University of Arizona College of Nursing Clinical Associate Professor Laura McRee, DNP, ACNP-BC, LMT, RNFA has worn many hats during her career – including Doctor of Nursing Practice professor and Advanced Practice Nurse – but she’s about to add a new one to her collection: Inventor. After seven years of development, the Bed Sled, an exercise device she created to mitigate the adverse effects of bed rest and other mobility limitations, recently received a notice of allowance by the United States Patent and Trademark Office.
The milestone is the culmination of Dr. McRee’s partnership with Tech Launch Arizona (TLA) and the National Science Foundation Innovation Corps (NSF I-Corps) Site Program and is an indication that the device may soon makes its debut in the marketplace.
"Bed Sled has the potential to appeal to a global market. Sometimes, it doesn’t have to be a complex change that makes a profound difference to prevent adverse consequences and promote health.” ~ Laura McRee, DNP, ACNP-BC, LMT, RNFA
The innovative resistance training device promotes movement for a patient’s lower legs for movement and varied levels of resistance, thereby preventing muscle de-conditioning and venous stasis which can lead to formation of blood clots. Equipped with a sensor to record the amount of pressure applied and the number of depressions of the footpad, the Bed-Sled tracks the progress of a patient’s usage, number of repetitions and level of resistance.
“Long periods of immobility have ravaging effects on your body,” Dr. McRee says, noting that people with mobility issues are prone to an array of adverse reactions, including rapid reduction of muscle mass and bone density that decreases a patient’s muscle strength over time. One of the direct consequences can be deep vein thrombosis (DVT), which creates a risk of pulmonary embolism, a condition that is responsible for 60,000-100,000 deaths in the United States each year.
Currently, the only treatments available to treat DVT in health-care settings are anti-coagulant injections with potentially serious side effects or sequential compression devices. Unlike those solution, Dr. McRee points out, the Bed Sled has no negative side effects. “It’s ideal if you can engage the muscles the natural way to prevent DVT and muscle conditioning,” she says. “Nothing like it is available in the marketplace right now. One of the best things is that this isn’t strictly for institutionalized use. It can be used for anybody in the commercial market. The electronic part is basic, the set-up is easy and because of that it will be cost-effective.”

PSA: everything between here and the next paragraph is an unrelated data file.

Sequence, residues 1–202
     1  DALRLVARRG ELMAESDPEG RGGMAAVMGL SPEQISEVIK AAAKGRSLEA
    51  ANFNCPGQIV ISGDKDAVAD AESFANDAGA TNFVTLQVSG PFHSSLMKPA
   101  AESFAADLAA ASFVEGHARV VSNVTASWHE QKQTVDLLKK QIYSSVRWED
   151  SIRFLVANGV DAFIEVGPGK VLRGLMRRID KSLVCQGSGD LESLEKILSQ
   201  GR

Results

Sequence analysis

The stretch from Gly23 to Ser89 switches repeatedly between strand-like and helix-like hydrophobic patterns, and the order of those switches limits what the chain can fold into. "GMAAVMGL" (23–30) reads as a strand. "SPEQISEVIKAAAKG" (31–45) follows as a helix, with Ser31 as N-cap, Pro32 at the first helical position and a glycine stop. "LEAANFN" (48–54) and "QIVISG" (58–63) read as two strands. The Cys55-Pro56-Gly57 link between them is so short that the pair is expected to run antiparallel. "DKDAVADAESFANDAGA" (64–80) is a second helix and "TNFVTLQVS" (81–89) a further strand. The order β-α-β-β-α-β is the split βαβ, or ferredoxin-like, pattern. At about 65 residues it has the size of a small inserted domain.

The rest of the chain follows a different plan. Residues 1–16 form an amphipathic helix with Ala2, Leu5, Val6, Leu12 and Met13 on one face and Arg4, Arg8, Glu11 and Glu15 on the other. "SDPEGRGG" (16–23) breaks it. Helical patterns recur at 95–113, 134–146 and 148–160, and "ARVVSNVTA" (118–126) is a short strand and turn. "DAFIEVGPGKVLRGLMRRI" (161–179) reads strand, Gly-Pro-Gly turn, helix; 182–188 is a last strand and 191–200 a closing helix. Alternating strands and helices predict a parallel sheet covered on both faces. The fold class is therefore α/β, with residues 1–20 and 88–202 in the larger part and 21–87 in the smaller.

After participating in NSF I-Corps program managed by TLA – a six-week course that teaches lean startup methods and helps academic entrepreneurs learn about customer discovery – Dr. McRee connected with Mark Baker, TLA commercialization partner. With Baker’s help, she secured asset development funding from TLA to build two successive functional prototypes. Reviews by engineers and physical therapist fine-tuned the invention, which ultimately led to the patent application.
“The current sled will definitely work in a hospital bed,” Dr. McRee says. Usability testing on the next prototype, which is in development now, with help finalize the device.
Kaitlyn Norman-Powers, TLA Licensing Manager for UA Health Sciences, has high expectations for the Bed Sled’s future. “We’re hoping by spring of next year that we have a really good working prototype that can be licensed to the startup so they can start going out to potential customers,” she says. Once the intellectual property protection is in place, Norman-Powers says, the device will be licensed to a start-up company, which will aid in commercializing the final version. Demand is anticipated to be substantial, since according to the National Care Planning Council, there are about 1.7 million beds in nursing homes in the U.S. alone and an estimated 19.6 million hospital beds in the world.
Dr. McRee’s invention could ultimately save billions of dollars through use in hospitals for physical therapy, but the average consumer stands to benefit as well. Thanks to her participation in the current NSF I-Corps, she is gaining the expertise to expand commercial possibilities for the Bed-Sled and to target a broader base of customers. Current customer bases include hospitals and nursing homes, medical supply firms, home users and travelers who face the risks of extended periods of immobility. “Bed Sled has the potential to appeal to a global market,” says McRee, pointing out that accessibility and ease of use can benefit anybody in an immobile state, young or old. “Sometimes, it doesn’t have to be a complex change that makes a profound difference to prevent adverse consequences and promote health.”